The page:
A heady mix of Roman, Moorish, Jewish, and Christian influence make Cordoba one of Andalucia’s most fascinating cities. Perfect for wandering, the UNESCO World Heritage–listed medieval old city is a winding network of lanes, squares, and whitewashed courtyards that take visitors on a journey back in time to the days when the city was the center of the Iberian Islamic world. Highlights include Cordoba’s 14th-century synagogue, which sits in the heart of the Old City’s maze of backstreets and is one of only a few medieval synagogues remaining in Spain. There’s also Roman history to seek out, including a Roman-era bridge, temple, and theater.
A top destination in Andalucia, Cordoba is often visited on day trips and as a stop on multi-day itineraries through southern Spain that also include visits to areas such as Seville, Granada, Ronda, and the Costa del Sol. While there’s enough to see and experience to warrant a few days in Cordoba, travelers pressed for time can catch the highlights—the Alcazar de los Reyes Cristianos, the Mezquita, the Jewish Quarter with the Cordoba Synagogue, and Calleja de las Flores—on a convenient day trip from Seville.
Things to Know Before You Go
A visit to Cordoba is a must for lovers of architecture, history, and culture.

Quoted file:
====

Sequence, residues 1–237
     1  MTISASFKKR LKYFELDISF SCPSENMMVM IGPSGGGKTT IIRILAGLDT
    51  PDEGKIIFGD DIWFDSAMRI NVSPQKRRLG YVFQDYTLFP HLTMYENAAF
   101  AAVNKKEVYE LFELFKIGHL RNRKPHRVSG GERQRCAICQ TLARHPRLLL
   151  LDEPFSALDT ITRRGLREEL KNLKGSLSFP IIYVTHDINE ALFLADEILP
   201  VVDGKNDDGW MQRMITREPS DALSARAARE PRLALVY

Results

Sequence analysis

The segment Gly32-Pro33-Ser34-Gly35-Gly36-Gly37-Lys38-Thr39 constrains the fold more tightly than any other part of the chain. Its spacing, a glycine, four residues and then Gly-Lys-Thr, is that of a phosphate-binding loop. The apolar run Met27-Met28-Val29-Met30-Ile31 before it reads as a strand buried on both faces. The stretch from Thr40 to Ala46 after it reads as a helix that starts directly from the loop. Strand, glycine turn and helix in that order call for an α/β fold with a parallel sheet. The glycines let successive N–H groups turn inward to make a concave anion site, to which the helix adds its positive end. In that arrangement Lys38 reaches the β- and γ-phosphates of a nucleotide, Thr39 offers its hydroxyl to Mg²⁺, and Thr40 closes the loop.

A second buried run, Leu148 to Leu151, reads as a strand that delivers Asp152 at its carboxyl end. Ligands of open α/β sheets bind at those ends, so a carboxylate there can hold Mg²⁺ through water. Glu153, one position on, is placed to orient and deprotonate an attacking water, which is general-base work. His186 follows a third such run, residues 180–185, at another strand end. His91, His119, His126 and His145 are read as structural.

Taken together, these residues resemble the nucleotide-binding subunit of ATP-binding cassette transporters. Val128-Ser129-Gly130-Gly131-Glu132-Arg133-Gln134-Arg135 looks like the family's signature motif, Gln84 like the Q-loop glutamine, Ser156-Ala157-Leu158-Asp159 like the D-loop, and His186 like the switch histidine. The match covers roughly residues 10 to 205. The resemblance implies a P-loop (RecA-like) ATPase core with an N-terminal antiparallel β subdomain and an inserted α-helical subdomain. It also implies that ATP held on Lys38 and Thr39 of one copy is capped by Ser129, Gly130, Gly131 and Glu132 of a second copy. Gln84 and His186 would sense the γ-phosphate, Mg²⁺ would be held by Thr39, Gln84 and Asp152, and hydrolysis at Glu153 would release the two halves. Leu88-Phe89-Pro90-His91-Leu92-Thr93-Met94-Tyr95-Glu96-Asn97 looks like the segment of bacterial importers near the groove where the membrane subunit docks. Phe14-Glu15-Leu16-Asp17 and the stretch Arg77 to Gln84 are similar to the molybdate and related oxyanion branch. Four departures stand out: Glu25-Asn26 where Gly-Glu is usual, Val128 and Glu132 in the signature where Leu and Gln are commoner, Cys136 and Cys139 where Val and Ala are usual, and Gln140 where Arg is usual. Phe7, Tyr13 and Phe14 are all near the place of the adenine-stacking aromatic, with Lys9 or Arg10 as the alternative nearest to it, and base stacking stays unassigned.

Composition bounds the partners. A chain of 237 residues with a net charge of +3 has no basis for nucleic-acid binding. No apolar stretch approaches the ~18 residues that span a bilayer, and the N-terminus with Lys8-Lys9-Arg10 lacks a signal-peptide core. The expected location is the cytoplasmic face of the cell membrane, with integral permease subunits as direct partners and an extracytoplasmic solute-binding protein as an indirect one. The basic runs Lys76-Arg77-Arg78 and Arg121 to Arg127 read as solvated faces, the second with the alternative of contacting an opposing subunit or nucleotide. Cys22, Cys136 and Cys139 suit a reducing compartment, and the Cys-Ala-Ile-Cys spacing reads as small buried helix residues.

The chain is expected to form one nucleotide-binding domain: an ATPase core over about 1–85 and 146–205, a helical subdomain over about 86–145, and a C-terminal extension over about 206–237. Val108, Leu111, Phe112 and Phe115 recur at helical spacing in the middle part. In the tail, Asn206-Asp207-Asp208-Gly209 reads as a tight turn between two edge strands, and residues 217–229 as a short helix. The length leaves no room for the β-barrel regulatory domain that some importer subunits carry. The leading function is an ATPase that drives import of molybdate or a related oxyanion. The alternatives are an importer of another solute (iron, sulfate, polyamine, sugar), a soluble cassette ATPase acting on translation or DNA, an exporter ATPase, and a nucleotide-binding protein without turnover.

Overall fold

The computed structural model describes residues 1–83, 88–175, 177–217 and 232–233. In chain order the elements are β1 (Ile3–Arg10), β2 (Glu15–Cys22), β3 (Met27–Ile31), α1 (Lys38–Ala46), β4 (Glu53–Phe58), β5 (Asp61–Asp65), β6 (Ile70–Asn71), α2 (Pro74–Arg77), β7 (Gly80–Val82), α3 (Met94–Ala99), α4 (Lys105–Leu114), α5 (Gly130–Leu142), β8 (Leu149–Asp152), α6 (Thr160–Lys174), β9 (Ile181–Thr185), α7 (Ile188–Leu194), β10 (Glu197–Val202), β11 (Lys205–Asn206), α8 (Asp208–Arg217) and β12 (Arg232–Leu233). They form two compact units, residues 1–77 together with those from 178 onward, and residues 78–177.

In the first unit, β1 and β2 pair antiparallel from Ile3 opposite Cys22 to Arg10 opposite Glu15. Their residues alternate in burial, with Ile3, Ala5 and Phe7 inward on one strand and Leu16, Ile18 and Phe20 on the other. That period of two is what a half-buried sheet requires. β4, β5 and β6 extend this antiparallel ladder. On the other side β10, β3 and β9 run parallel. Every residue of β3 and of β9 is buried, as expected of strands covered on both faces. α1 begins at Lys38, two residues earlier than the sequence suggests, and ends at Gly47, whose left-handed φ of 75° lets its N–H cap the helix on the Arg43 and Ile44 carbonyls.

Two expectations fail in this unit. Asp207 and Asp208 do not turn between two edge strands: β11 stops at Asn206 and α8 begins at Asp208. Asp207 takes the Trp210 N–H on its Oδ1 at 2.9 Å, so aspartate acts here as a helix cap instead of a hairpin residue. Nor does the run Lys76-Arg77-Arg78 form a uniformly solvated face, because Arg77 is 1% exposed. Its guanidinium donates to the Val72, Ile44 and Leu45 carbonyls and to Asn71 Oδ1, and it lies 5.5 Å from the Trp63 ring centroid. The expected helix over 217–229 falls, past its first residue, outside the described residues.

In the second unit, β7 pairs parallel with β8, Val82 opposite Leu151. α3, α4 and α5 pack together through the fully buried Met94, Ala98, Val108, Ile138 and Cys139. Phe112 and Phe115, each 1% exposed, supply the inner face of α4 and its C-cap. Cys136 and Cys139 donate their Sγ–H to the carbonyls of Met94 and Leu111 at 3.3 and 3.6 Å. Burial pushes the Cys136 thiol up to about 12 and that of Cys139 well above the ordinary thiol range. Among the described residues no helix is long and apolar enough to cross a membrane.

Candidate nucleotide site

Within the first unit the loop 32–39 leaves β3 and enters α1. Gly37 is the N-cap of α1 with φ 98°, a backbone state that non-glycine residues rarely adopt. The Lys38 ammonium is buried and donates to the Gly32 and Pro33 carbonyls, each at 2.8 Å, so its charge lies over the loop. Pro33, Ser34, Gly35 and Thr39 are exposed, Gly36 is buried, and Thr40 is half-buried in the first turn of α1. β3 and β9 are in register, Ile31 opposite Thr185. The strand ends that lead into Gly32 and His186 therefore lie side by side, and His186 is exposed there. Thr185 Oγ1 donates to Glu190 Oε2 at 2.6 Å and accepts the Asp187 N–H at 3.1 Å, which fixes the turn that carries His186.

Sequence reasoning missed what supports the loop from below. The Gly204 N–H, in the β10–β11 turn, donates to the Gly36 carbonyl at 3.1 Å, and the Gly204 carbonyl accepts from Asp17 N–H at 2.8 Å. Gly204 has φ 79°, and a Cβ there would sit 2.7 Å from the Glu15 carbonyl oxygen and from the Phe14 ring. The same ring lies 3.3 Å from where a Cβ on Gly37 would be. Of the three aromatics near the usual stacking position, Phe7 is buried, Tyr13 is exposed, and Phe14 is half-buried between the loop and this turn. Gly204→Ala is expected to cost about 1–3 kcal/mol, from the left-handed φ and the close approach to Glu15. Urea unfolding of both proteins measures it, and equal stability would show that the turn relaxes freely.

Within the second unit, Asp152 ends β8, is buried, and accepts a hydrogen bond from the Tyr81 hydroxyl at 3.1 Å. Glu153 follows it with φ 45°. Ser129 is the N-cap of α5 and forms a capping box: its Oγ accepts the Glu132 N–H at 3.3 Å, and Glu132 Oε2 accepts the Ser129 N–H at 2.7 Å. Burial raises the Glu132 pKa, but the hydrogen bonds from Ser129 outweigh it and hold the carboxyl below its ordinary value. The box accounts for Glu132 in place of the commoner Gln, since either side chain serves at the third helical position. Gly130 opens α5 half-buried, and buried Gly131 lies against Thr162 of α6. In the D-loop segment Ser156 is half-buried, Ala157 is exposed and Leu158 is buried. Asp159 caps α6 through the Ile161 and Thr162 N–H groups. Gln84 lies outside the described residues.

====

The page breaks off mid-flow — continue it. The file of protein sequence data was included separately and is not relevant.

Choose to visit Cordoba on a day trip or as part of a multi-day guided tour through Spain.
Wear comfortable shoes suitable for walking on uneven surfaces.
Day trips from Seville typically last upwards of nine hours.
How to Get There
The closest commercial airports to Cordoba are in Seville, Malaga, and Madrid, so the vast majority of visitors arrive on a guided tour or by high-speed AVE train, which runs hourly from Madrid, Seville, and Malaga. From the train station, it’s about a 25-minute walk to the Old City and the Mezquita.
When to Get There
While winters in Cordoba are quite mild, the best times to visit for optimal weather are during the spring and autumn months. In summer, this is one of the hottest places in Spain, so expect temperatures around 100°F (38°C) in July and August.
Getting Around Cordoba
Cordoba is divided into two main sections: the Old City and the modern, commercial section. Most of the major points of interest are in the Old City, which comprises the Jewish Quarter and the area surrounding the Mezquita. This historic core is small and easily navigable on foot, but horse and carriages (coches de caballo) are also available for rent to see the city the old-fashioned way.